As early as the 17th century, slaves often visited taverns to drink rum. In Barbados, several laws prohibited the sale of rum to slaves or to persons selling rum to slaves, [4-247] because the whites were afraid of drunken slaves, which is why they passed laws to prevent slaves from drinking to excess. In Barbados, for example, “An Act for prohibiting the selling of Rum or other Strong Liquors to any Negro or other Slave” was passed. This was also prompted by the fact that a slave conspiracy was uncovered and foiled that year. They were planning an uprising. [3-1163] Presumably, however, these laws were rarely obeyed and were difficult to enforce. [4-247]
Similar laws were enacted throughout the Caribbean, but since rum was plentiful, there was always a way for slaves to obtain it, especially since it was also an important part of their social and spiritual life. Nevertheless, alcohol consumption among slaves does not appear to have been higher than among other social groups.[3-1163]
In the next part of this series, we will discuss the new etymology of the terms ‘rum’ and ‘kill devil’. What we have said so far forms the basis for this.
- https://archive.org/details/historyjamaicao01longgoog/page/n456/mode/2up?q=bumbo Anonymus (Edward Long): The history of Jamaica or, general survey of the antient and modern state of the island: with reflections on its situation, settlements, inhabitants, climate, products, commerce, laws, and government. In three volumes. Vol. 2. London, 1774.
- https://de.wikipedia.org/wiki/Yoruba_(Ethnie) Yoruba (Ethnie).
- https://books.google.de/books?id=ANm5BgAAQBAJ&pg=PA1163&lpg=PA1163&dq=what+did+barbadian+slaves+drink&source=bl&ots=–BgFcp98B&sig=ACfU3U3b8qNTQeK8fVHSyKfR7ti-bOHhtA&hl=de&sa=X&ved=2ahUKEwj8zqHXm7jqAhXN2KQKHWkACBgQ6AEwDXoECAkQAQ#v=onepage&q=what%20did%20barbadian%20slaves%20drink&f=false Scott C. Martin (Hrsg.): The SAGE Encyclopedia of Alcohol: Social, Cultural and Historical Perspectives. SAGE Publications, 2014.
- https://archive.org/details/volatilespiritsh00smit/page/n35/mode/2up?q=%22Negroes+are+in+general+much+addicted+to+drunkenness%22 and https://ufdcimages.uflib.ufl.edu/AA/00/02/65/65/00001/volatilespiritsh00smit.pdf Frederick H. Smith: Volatile Spirits: The historical archaeology of alcohol and drinking in the Caribbean. A dissertation presented to the graduate school of the university of Florida in partial fulfillment of requirements for the degree of doctor of philosophy. University of Florida, 2001.
- https://archive.org/details/trueexacthistory00ligo Richard Ligon: A trve & exact history of the island of Barbados. London, 1657.
- https://www.amazon.de/-/en/Tristan-Stephenson/dp/1849758239#reader_B07FG7QBTH Vorschau von Tristan Stephenson: The Curious Bartender’s Rum Revolution. ISBN 978-1-84975-823-9. 2017. Therein chapter: Kill Devil.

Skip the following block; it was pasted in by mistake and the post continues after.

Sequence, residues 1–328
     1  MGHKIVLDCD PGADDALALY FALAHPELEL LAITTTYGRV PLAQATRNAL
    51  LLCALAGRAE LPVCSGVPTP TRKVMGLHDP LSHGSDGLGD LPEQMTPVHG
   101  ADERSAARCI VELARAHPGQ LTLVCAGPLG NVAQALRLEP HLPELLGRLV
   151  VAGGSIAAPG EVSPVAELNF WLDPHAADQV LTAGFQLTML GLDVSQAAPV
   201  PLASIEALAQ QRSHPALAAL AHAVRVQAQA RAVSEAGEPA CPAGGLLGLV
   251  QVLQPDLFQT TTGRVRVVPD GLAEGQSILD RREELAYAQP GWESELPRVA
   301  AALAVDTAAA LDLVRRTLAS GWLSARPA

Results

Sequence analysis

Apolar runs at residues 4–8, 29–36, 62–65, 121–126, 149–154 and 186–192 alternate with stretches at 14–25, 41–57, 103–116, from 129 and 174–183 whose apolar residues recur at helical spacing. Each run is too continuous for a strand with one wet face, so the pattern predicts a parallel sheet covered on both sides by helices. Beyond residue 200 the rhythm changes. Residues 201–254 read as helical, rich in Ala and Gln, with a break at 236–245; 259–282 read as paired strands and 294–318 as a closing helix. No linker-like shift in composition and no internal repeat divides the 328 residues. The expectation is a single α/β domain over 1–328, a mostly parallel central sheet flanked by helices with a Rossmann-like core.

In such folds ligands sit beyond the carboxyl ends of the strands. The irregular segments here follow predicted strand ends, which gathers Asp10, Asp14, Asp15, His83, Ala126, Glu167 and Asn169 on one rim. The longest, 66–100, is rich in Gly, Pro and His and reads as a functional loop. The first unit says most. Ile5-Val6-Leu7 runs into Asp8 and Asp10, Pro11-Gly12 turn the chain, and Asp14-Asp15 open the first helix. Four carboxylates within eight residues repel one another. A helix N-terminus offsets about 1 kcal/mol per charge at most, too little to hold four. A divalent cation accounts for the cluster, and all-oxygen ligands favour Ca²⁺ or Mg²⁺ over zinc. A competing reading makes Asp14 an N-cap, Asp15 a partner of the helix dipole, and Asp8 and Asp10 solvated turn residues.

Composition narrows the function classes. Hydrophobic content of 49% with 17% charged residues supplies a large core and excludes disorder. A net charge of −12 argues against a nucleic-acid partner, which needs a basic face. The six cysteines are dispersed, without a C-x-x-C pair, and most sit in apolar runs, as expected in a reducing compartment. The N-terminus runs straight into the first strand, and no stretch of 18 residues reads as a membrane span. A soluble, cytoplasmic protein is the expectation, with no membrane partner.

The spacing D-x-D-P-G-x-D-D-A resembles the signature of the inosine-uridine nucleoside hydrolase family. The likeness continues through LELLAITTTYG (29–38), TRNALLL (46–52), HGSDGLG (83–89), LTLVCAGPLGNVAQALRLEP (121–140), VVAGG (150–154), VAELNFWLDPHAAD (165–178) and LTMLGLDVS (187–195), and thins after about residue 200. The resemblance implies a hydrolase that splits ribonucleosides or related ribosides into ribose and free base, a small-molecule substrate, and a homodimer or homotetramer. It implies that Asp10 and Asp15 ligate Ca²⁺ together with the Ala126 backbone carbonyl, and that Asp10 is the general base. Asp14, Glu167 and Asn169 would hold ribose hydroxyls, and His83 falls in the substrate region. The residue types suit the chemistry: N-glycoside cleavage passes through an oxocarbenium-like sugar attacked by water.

- https://de.wikipedia.org/wiki/Oshun Oshun.
- https://de.wikipedia.org/wiki/Heiliger_Hain_der_G%C3%B6ttin_Osun Heiliger Hain der Göttin Osun.
- https://de.wikipedia.org/wiki/Religion_der_Yoruba Religion der Yoruba.
- https://de.wikipedia.org/wiki/Ash%C3%A9 Ashé.
- https://de.wikipedia.org/wiki/Orisha Orisha.
- https://de.wikipedia.org/wiki/Eshu Eshu.
- https://en.wikipedia.org/wiki/Nkisi Nkisi.
- https://de.wikipedia.org/wiki/Candombl%C3%A9 Candomblé.
- https://cubanyoruba.blogspot.com/2007/04/oshun.html Yoruba religion. The Santeria or Lucumi Religion. Afrocuban Religion: Oshun.
- https://cubanyoruba.blogspot.com/2007/04/olofi.html Yoruba religion. The Santeria or Lucumi Religion. Afrocuban Religion: Olofin
- https://cubanyoruba.blogspot.com/2007/04/oloddumare.html Yoruba religion. The Santeria or Lucumi Religion. Afrocuban Religion: Oldumare.
- https://cubanyoruba.blogspot.com/2007/04/olorun.html Yoruba religion. The Santeria or Lucumi Religion. Afrocuban Religion: Olorun.
- https://archive.org/details/learnedmen00pain/page/36/mode/2up?q=%22that+is%2C+the+coarsest+of+their+Sugar%22 Gustavus S. Paine: The learned men. New York, 1959.
- David Wondrich & Noah Rothbaum (Hrsg.): The Oxford Companion to Spirits & Cocktails. ISBN 9780199311132. 2022.
- https://archive.org/details/histoirenaturell02roch/page/446/mode/2up Anonymus (Charles de Rochefort): Histoire naturelle et morale des iles Antilles de l’Amerique. Enrichie de plusieurs belles figures des raretez les plus considerables qui y sont d’écrites. Avec vn vocabulaire Caraïbe. Roterdam, 1658.
- https://archive.org/details/bim_eighteenth-century_a-new-history-of-jamaica_leslie-charles_1740 Charles Leslie: A new history of Jamaica, from the earliest accounts, to the taking of Porto Bello by Vice-Admiral Vernon. In Thirteen letters from a gentleman to his friend. London, 1740.
- https://www.gutenberg.org/files/48847/48847-h/48847-h.htm Thomas Atwood: The history of the Island of Dominica. London, 1791.
- https://archive.org/details/mobot31753000820123/page/xxx/mode/2up?q=rum Hans Sloane: A voyage to the islands Madera, Barbados, Nieves, S. Christophers and Jamaica, with the natural history of the herbs and trees, four-footed beasts, fishes, birds, insects, reptiles, &c. of the last of those islands. Vol. 1. London, 1707.